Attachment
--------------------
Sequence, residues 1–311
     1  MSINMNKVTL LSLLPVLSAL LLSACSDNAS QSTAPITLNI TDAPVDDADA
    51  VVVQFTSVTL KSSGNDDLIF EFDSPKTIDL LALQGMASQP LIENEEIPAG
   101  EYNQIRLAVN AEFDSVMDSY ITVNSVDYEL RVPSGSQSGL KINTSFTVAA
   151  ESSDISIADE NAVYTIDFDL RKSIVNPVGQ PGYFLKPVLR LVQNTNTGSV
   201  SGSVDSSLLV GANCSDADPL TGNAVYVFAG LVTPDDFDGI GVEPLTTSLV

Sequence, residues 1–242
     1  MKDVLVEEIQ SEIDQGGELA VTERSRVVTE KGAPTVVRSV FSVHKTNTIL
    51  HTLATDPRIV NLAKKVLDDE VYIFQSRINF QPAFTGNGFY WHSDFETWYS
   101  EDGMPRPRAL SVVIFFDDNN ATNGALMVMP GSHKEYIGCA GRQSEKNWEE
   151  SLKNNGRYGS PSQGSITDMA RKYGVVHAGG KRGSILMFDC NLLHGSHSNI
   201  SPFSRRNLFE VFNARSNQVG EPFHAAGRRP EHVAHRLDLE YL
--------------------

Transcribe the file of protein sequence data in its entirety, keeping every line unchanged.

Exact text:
Sequence, residues 1–311
     1  MSINMNKVTL LSLLPVLSAL LLSACSDNAS QSTAPITLNI TDAPVDDADA
    51  VVVQFTSVTL KSSGNDDLIF EFDSPKTIDL LALQGMASQP LIENEEIPAG
   101  EYNQIRLAVN AEFDSVMDSY ITVNSVDYEL RVPSGSQSGL KINTSFTVAA
   151  ESSDISIADE NAVYTIDFDL RKSIVNPVGQ PGYFLKPVLR LVQNTNTGSV
   201  SGSVDSSLLV GANCSDADPL TGNAVYVFAG LVTPDDFDGI GVEPLTTSLV

Sequence, residues 1–242
     1  MKDVLVEEIQ SEIDQGGELA VTERSRVVTE KGAPTVVRSV FSVHKTNTIL
    51  HTLATDPRIV NLAKKVLDDE VYIFQSRINF QPAFTGNGFY WHSDFETWYS
   101  EDGMPRPRAL SVVIFFDDNN ATNGALMVMP GSHKEYIGCA GRQSEKNWEE
   151  SLKNNGRYGS PSQGSITDMA RKYGVVHAGG KRGSILMFDC NLLHGSHSNI
   201  SPFSRRNLFE VFNARSNQVG EPFHAAGRRP EHVAHRLDLE YL